AFN Update, Day One

(HALIFAX, NS) – Things are really looking up for the Assembly of First Nations here in Halifax. Coming of the success of the Day of Action, there seems to be a growing sense of optimism and confidence in what First Nations can do when they work together. This ultimately translates into confidence in the AFN body politic, secretariat and confidence in the National Chief himself.

But things aren’t always as they seem. Once that confidence fosters into one direction or another, the Chiefs will usually put the AFN Seceetariat and the National Chief back in line.

I’ve seen great ideas, firm support and direction go bad pretty quickly. Cases in point: First Nations Fiscal and Statistical Management Act and proposed Matrimonial Real Property legislation.

But I’ll try to be the optimist in the bunch.

Today, a good set of audited financial statements were accepted by the members showing a surplus.

National Chief Phil Fontaine spoke about the need to build on the successes of the National Day of Action and to hold the government accountable to our demands while continuing to generate necessary grass-roots Canadian support.

The Chiefs are divided on how to treat Mohawk militant Shawn Brant. Friend or for to the cause? I was a bit concerned when his own elected Chief R. Donald Maracle stated during the April demontration in Tyendinaga that Brant and his followers were “close” to picking up their guns. Violence is not acceptable.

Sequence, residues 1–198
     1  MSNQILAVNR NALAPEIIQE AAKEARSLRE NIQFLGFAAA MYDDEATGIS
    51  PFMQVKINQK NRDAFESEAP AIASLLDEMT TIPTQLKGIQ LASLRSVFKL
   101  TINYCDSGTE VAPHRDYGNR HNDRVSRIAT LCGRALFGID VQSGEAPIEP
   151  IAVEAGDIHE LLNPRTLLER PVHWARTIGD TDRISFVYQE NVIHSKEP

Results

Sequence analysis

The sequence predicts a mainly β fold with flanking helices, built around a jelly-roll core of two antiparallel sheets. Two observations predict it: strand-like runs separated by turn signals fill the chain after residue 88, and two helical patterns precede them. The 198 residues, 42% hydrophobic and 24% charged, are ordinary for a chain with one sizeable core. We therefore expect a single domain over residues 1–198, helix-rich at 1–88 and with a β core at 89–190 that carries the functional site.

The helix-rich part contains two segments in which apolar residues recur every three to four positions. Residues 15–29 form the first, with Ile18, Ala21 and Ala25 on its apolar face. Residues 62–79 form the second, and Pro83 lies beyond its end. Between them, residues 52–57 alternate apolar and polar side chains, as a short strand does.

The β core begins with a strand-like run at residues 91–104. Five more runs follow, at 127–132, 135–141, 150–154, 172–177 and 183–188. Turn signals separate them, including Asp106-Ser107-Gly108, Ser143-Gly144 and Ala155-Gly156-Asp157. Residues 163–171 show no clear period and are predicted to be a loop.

The day ended with a caucus of our Anishinabek Nation Chiefs. Grand Council Chief John Beaucage, ANMGI Director Greg Plain and our partner Dale Denis proposed a partnership and purchase of a land assembly deal of the Seguin Valley Golf Course and property south of Parry Sound, Ontario. The deal (really too good to pass up) was supported by the Chiefs in an unofficial show of hands. The UOI Board will meet tomorrow to decide on the future of the deal.

The purchase is for $12.7 million for an incredible piece of real estate, consisting of a operating 18-hole golf course, 3000 acres of zoned land, 100 lots for sale and development, commercial property, and two lakes. All in prime “cottage country”, once of the largest land holdings in the Muskokas.

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